Postoperative treatment and follow-up
Patients were allowed to start unrestricted weight-bearing motion exercises with a walker under close monitoring after the hip fracture surgery . All of the operated hips were evaluated radiographically in the anteroposterior (AP) view and lateral view immediately after operation and every month thereafter until bone union was achieved.
Treatment outcome assessments
Hand grip strength was measured with a Jarmar Hydraulic Hand Dynamometer using the Southampton protocol . Subjects were seated with back support and the hips flexed as close to 90 degrees as could be tolerated. The subjects rested their forearms on the arms of the bed with the wrists in a neutral position. The measurer supported the weight of the device by resting it on his or her palm. Measurements were performed three times for each hand to give six readings in total. The best of the six grip strength measurements was used in the statistical analyses. Measurements were taken after adequate pain control had been achieved within 3 days after the operation [23, 24]. Early ambulation capacity was defined as the ability to walk with or without an assistive device for 10 meters before the third postoperative day . Postoperative complication was defined as the appearance of one or more of the following conditions during the hospitalization: pneumonia, pressure ulcers, new-onset delirium, urinary tract infection, deep venous thrombosis, and pressure sore . Factors considered to be potentially correlated with early ambulation including age, gender, injured side, fracture classifications, surgical procedure, duration of hospital stay, handgrip strength, and body mass index (BMI), were collected and analyzed.
Data analysis was performed using SPSS software (Version 19.0; Chicago, Illinois). Univariate analysis was performed using frequencies for descriptive statistics. Chi-square and Fisher’s exact test were used for the analysis of categorical variables. Logistic regression was performed to evaluate the predictor of early ambulation after the hip fracture surgery. Receiver operating characteristic (ROC) curve analysis was used to assess the predictive capacity of handgrip strength on early ambulation. Youden index was used to find the maximal sum for the best cut-off point. Correlations were considered significant if p values were less than 0.05 (two-sided).
Sixty-three consecutive patients receiving operation for acute hip fracture were enrolled, including 31 patients with a femoral intertrochanteric fracture that was treated with open reduction and internal fixation and 32 patients with a femoral neck fracture that was treated with bipolar hemiarthroplasty or cannulated screws. There were 30 males (48 %) and 33 females (52 %) with a mean age at operation of 81 years (range 63 to 98 years). Among the 63 patients, 34 patients had not started walking at the end of inpatient rehabilitation. Twenty-nine patients were able to begin ambulation during the hospitalization. The mean ambulation time was 2.97 days after the operation (1–5 days). Postoperative complications included urinary infection in 1 patient, pressure sore in 8 patients, and new-onset delirium in 5 patients. None of these patients were in the early ambulation group (ambulation time < 3 days). Nineteen patients who had an ambulation time of less than 3 days after the operation had a significantly lower complication rate (0 %) than those who needed more time to begin ambulation (32 %)(P = 0.006) (Table 1).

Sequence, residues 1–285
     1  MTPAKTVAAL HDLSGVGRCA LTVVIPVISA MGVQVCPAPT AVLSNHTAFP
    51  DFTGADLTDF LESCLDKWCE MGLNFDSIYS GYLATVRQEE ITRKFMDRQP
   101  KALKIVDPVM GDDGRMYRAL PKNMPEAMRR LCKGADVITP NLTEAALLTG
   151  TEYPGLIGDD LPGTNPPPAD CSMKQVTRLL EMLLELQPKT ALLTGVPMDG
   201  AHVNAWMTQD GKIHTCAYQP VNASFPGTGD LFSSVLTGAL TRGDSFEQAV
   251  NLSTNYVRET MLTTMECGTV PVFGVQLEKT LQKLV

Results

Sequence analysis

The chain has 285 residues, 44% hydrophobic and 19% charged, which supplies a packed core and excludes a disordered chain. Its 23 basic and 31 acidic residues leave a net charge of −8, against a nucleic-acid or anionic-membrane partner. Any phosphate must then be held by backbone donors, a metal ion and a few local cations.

Factors that may contribute to early and late ambulation included age, gender, injured side, fracture type, implant type, BMI, and handgrip strength. Details of baseline characteristics according to ambulation time are shown in Table 2.
In the regression analysis, hand grip strength showed a statistically significant association with postoperative ambulation time after multivariate adjustment (p = 0.003) (Table 3).
ROC curve analysis was used to estimate a threshold value of hand grip strength that could predict early ambulation ability. For male patients, when handgrip strength was 20.5 kg, the sensitivity was 87.5 % and specificity was 72.7 %. The area under the curve (AUC) was 0.844 (Fig. 1), which was statistically significant (p = 0.005). For female patients, when handgrip strength was 11.5 kg, the sensitivity was 100 % and specificity was 50 %. The AUC was 0.715 (Fig. 2), which was statistically significant (p = 0.047).